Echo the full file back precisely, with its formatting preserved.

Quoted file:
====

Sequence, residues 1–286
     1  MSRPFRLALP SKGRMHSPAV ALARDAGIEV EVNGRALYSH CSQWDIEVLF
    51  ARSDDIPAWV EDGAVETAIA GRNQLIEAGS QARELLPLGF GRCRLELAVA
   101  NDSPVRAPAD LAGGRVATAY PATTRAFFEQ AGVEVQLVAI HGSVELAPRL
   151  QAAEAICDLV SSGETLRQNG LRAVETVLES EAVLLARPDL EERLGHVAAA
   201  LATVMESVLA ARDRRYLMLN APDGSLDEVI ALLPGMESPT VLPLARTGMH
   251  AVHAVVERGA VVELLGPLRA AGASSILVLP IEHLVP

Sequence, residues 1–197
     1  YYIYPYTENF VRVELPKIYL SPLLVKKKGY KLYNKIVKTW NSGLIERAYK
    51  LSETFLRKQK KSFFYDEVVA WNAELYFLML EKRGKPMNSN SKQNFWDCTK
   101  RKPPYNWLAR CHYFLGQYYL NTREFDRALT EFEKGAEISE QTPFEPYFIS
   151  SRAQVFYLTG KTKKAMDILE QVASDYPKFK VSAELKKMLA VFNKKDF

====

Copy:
Sequence, residues 1–286
     1  MSRPFRLALP SKGRMHSPAV ALARDAGIEV EVNGRALYSH CSQWDIEVLF
    51  ARSDDIPAWV EDGAVETAIA GRNQLIEAGS QARELLPLGF GRCRLELAVA
   101  NDSPVRAPAD LAGGRVATAY PATTRAFFEQ AGVEVQLVAI HGSVELAPRL
   151  QAAEAICDLV SSGETLRQNG LRAVETVLES EAVLLARPDL EERLGHVAAA
   201  LATVMESVLA ARDRRYLMLN APDGSLDEVI ALLPGMESPT VLPLARTGMH
   251  AVHAVVERGA VVELLGPLRA AGASSILVLP IEHLVP

Sequence, residues 1–197
     1  YYIYPYTENF VRVELPKIYL SPLLVKKKGY KLYNKIVKTW NSGLIERAYK
    51  LSETFLRKQK KSFFYDEVVA WNAELYFLML EKRGKPMNSN SKQNFWDCTK
   101  RKPPYNWLAR CHYFLGQYYL NTREFDRALT EFEKGAEISE QTPFEPYFIS
   151  SRAQVFYLTG KTKKAMDILE QVASDYPKFK VSAELKKMLA VFNKKDF